Who Knew Volunteering Could Mean So Much?

by Xingchen (Amber) Chen, CVA student facilitator

I’ve had such an amazingly rewarding experience this past term while facilitating a volunteer group at the Ontario March of Dimes, not only through what I learned from the experience, but also in the positive impact volunteering has had both on myself and on the people that I’ve helped. Working one-on-one with adults with physical and developmental disability who live in wheelchairs, I have developed a deep sense of understanding, respect and support for this vulnerable and marginalized community and especially for Sam*, the particular individual I worked with. I remember how nervous I was the first time I volunteered at this program, knowing that I would be working with people in wheelchairs, a population with whom I had no previous interaction.

Despite Sam’s physical disadvantage, he taught me so much through his blurry speech during our weekly hangout as he shared his personal experience and his hobbies with me, while I helped him write a letter to the government, while walking with him to the mall, or while I called every clinic in Hamilton to find a new family doctor for him. He is an optimistic civil rights advocate for his community. During encounters with people on our walks, I realized not only how oblivious I was to the societal stigma and even hostility towards people with disabilities, but I have also grown huge respect for their strength in fighting for living with dignity despite the unimaginable barriers they have to face. It opened my eyes to see that they are just the same as me and even stronger and more respectable despite their physical disadvantage. It helped me to determine a career wish of helping and working with people in vulnerable populations like Sam.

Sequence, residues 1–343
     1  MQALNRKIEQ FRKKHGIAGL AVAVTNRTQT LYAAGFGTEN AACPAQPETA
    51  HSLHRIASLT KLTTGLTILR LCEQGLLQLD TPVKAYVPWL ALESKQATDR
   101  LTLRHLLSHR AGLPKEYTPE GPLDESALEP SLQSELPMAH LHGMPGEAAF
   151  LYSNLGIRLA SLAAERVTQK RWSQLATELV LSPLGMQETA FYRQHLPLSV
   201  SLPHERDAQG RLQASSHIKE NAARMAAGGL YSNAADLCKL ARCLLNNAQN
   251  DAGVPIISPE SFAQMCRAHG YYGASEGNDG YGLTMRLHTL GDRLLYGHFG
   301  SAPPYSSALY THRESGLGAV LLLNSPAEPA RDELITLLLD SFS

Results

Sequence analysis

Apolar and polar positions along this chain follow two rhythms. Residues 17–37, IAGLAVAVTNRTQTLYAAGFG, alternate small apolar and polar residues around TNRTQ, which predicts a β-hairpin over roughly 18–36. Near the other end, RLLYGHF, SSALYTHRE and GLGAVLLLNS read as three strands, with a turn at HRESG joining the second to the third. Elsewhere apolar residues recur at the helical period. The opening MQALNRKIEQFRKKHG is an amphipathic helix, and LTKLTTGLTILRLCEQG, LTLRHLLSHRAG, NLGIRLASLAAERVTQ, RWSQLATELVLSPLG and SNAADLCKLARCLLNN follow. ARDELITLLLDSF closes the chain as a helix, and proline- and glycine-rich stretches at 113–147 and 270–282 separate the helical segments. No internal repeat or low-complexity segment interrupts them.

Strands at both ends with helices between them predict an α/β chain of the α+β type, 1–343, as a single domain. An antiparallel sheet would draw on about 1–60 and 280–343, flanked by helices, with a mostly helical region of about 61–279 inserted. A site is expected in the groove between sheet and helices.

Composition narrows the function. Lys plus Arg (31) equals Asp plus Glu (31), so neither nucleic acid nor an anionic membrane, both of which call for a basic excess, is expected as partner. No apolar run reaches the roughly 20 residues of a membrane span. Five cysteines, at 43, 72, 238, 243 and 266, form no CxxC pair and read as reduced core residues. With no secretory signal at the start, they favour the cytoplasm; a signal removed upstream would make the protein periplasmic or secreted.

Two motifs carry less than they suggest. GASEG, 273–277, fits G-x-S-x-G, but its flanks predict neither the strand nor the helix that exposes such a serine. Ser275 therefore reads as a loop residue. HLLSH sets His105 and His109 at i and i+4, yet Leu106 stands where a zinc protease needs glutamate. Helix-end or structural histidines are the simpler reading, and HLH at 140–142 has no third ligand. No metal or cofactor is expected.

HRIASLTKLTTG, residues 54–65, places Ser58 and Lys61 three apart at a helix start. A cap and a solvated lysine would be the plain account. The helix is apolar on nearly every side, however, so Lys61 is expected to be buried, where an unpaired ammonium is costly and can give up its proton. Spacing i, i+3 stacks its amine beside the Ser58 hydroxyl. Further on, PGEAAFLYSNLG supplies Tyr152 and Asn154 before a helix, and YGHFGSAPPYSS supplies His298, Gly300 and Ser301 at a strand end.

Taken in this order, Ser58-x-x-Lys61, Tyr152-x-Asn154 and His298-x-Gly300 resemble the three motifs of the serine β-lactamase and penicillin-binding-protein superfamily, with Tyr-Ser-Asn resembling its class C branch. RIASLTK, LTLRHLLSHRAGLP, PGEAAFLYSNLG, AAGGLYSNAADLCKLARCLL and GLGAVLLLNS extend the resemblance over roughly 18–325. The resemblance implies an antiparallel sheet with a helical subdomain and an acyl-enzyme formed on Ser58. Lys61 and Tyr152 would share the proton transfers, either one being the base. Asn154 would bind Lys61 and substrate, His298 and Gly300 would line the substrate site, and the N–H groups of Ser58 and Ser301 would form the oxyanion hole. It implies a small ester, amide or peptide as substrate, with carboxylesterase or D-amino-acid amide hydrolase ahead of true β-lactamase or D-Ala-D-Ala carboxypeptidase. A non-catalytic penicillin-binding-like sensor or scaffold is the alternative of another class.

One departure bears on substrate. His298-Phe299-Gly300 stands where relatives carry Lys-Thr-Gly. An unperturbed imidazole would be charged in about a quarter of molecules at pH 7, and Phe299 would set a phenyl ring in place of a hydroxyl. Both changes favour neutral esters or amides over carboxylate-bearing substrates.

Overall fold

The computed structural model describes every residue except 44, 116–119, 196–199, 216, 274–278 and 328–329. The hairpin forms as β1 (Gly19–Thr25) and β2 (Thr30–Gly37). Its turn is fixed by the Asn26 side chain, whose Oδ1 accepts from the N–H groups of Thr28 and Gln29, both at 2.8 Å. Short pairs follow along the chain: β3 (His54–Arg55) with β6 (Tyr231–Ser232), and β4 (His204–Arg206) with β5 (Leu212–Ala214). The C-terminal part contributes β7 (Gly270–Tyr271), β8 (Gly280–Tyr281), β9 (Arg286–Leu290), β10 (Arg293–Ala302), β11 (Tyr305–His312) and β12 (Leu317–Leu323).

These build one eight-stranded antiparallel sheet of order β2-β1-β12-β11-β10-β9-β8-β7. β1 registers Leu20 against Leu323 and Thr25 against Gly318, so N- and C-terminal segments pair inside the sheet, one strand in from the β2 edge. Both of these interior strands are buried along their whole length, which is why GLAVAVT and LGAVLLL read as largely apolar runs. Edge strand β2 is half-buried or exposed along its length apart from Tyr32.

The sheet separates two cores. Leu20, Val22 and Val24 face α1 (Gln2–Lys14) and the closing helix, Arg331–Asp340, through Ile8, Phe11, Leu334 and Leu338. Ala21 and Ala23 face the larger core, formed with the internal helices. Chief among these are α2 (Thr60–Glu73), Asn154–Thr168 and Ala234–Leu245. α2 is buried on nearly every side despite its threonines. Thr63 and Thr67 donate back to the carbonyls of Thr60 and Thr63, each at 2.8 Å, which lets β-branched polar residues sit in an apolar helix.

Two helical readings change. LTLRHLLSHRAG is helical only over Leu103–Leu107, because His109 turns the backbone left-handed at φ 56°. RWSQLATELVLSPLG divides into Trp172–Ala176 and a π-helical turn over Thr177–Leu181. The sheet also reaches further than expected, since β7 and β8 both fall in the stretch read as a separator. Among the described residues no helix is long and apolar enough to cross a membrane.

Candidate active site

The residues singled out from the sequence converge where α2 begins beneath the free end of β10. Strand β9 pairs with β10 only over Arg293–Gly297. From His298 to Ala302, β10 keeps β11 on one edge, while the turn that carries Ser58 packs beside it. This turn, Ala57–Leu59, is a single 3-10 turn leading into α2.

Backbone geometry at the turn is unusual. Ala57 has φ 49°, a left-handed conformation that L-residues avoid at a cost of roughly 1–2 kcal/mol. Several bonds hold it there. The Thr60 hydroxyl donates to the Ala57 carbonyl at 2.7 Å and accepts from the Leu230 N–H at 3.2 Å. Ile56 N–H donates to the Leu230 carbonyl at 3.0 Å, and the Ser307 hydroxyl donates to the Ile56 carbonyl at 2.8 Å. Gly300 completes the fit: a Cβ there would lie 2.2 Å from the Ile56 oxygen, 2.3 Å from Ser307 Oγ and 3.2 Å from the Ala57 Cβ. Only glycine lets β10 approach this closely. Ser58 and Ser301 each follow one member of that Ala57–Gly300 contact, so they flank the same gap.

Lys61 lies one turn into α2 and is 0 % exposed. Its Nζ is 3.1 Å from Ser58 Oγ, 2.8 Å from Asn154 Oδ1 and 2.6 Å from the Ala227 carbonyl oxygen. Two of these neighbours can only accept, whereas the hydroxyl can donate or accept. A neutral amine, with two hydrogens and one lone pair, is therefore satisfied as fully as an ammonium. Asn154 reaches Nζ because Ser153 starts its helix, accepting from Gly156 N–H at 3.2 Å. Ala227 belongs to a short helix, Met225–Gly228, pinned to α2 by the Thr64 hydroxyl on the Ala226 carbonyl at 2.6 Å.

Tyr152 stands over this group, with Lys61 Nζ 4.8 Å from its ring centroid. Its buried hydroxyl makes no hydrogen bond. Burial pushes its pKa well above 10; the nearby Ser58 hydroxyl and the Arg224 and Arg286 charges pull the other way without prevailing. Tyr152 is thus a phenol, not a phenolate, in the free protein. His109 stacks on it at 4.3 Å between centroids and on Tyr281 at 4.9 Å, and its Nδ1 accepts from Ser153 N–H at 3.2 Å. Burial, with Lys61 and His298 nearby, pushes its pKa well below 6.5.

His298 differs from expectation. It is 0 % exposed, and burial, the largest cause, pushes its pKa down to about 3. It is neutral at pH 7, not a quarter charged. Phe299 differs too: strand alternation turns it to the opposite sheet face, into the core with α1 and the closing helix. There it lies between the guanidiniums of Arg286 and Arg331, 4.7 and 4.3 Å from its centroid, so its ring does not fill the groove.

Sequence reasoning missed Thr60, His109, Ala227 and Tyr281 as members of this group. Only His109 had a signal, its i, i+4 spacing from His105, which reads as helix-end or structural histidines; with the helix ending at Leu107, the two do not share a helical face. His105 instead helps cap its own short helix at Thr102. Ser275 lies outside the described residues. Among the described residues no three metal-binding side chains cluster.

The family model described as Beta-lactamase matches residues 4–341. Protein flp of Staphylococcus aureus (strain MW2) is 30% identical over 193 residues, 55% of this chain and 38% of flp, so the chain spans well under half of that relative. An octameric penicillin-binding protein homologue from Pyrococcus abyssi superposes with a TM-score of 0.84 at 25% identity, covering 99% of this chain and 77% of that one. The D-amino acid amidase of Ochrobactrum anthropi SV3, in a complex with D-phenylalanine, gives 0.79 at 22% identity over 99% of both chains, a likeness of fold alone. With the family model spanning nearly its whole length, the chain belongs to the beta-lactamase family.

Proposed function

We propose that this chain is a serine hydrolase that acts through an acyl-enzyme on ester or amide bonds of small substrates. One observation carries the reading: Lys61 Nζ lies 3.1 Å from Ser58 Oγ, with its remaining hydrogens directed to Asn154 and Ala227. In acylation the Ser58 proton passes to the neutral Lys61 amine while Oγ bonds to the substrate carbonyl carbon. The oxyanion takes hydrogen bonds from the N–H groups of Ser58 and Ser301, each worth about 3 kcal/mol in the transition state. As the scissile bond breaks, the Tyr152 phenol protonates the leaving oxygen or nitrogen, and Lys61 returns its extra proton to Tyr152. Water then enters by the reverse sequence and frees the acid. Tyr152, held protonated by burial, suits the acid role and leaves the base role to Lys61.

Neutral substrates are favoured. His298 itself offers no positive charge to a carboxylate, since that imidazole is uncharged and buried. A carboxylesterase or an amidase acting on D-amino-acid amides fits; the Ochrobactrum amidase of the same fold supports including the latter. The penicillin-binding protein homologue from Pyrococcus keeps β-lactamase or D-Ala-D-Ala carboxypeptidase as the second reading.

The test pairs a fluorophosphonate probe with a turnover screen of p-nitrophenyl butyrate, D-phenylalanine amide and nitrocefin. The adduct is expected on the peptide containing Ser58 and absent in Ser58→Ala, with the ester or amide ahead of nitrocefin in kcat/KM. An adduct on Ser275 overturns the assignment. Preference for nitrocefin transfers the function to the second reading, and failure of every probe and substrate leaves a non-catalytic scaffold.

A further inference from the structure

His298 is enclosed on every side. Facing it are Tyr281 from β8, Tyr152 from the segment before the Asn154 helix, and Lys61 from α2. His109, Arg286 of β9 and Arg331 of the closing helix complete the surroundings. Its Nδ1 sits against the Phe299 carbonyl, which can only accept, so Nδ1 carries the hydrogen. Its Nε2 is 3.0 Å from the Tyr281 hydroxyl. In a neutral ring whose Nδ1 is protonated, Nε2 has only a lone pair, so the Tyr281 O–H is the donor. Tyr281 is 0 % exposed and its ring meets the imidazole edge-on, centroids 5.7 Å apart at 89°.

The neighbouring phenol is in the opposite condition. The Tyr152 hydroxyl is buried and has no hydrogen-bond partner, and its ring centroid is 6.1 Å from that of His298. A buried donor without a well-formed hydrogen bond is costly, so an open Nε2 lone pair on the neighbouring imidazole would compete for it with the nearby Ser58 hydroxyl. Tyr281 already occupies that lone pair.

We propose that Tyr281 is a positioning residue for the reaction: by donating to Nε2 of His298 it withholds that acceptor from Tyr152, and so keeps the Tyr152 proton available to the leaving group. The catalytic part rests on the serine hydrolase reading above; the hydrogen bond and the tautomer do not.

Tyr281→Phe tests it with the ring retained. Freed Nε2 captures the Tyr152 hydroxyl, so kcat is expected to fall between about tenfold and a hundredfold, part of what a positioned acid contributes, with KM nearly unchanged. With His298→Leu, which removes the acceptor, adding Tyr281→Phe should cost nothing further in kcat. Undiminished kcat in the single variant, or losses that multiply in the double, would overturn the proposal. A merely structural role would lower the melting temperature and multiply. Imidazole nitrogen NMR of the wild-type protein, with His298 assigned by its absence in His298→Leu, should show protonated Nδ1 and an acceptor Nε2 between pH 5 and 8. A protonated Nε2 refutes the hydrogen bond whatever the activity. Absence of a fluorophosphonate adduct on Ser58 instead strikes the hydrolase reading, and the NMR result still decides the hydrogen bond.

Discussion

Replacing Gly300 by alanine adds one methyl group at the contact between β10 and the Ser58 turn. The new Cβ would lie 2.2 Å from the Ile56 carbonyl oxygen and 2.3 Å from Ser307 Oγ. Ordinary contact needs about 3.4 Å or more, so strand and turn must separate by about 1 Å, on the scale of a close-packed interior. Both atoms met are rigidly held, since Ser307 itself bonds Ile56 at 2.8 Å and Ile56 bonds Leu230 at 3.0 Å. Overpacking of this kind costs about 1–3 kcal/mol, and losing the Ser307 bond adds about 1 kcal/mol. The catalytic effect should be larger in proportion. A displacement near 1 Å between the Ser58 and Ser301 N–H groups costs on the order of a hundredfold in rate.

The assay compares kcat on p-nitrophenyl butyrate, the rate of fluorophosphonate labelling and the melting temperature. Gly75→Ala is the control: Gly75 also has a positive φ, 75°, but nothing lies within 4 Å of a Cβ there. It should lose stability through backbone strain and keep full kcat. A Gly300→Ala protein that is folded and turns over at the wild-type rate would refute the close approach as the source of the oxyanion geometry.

Moreover, I have realized how important our help is to them. Faced with incredible hardship in life both from physi-cal pain and the often unavoidable injustice and stigma in society, many of them suffer from mental illnesses and des-pair. Some of our volunteer group encountered people whose daily life is entirely spent sitting in front of a TV 24/7 and who haven’t left their room for months. Simple activities such as having a talk, playing a game, or taking a walk in the sun to breathe some fresh air means a lot to them in terms of lifestyle change and even attitude about life. And more importantly, what they often need the most is to have a con-nection with the outside world and to know that they are not abandoned, that they have someone who listens to them, and that they have friends who understand and care about them. During the last day of my volunteering this term, Sam kept on sighing and saying “You are leaving… This is your last day… We get along. Not everyone does. I will miss you,” despite my attempts to reassure him that I will come back in September and I will keep in touch with him during the summer. To both Sam and me, this volunteer experience surpasses a mere giving and receiving relationship but advanced to such a meaningful friendship and understanding and respect for each other. I would have never imagined that the few volunteer hours that I spend every week could mean so much to them and myself. (*name changed)